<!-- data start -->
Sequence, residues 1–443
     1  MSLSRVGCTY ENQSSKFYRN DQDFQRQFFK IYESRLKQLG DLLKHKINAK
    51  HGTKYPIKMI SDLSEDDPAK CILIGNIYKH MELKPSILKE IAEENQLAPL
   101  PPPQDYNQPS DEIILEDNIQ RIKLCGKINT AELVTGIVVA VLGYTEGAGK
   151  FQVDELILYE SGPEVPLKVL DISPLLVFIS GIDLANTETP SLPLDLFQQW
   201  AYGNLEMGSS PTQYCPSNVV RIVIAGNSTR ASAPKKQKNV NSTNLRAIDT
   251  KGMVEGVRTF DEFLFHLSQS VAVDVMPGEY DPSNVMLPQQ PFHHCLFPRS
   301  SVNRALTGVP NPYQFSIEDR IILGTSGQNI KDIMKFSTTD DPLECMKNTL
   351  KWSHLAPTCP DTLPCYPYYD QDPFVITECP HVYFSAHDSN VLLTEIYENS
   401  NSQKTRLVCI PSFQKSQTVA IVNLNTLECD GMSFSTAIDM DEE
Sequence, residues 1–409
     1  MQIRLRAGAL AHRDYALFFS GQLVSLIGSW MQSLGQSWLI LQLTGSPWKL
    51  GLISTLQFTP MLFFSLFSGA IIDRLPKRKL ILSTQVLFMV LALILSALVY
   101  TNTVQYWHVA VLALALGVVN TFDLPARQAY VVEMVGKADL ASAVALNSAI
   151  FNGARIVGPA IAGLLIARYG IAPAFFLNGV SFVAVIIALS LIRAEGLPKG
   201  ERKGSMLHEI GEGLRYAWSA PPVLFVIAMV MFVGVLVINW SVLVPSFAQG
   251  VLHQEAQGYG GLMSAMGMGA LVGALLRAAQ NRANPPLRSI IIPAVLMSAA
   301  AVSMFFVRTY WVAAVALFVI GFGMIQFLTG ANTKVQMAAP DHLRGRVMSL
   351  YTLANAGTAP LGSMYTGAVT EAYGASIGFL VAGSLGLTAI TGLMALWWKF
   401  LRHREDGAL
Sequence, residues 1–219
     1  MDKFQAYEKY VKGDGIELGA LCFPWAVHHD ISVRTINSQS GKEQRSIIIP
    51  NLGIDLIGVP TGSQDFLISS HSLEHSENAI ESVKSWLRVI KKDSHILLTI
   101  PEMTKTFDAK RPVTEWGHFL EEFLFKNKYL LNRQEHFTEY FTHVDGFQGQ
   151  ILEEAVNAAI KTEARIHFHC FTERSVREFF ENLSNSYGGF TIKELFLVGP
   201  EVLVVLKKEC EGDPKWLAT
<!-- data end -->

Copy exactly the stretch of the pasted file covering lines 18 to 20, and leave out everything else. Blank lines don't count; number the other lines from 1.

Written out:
   301  AVSMFFVRTY WVAAVALFVI GFGMIQFLTG ANTKVQMAAP DHLRGRVMSL
   351  YTLANAGTAP LGSMYTGAVT EAYGASIGFL VAGSLGLTAI TGLMALWWKF
   401  LRHREDGAL